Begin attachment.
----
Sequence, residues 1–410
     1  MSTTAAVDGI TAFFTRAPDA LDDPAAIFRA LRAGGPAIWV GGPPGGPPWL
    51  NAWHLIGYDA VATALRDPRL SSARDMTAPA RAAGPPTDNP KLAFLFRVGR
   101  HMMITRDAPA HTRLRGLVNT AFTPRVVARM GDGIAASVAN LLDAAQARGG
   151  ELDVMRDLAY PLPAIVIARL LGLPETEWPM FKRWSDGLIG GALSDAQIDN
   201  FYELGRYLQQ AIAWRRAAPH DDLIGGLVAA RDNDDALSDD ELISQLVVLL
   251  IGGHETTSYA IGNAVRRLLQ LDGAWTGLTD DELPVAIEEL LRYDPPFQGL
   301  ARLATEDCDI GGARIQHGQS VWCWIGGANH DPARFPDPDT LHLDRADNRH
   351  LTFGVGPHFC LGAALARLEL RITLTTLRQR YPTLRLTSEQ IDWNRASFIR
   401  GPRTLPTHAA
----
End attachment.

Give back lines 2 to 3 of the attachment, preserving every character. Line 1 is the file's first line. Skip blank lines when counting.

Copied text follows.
     1  MSTTAAVDGI TAFFTRAPDA LDDPAAIFRA LRAGGPAIWV GGPPGGPPWL
    51  NAWHLIGYDA VATALRDPRL SSARDMTAPA RAAGPPTDNP KLAFLFRVGR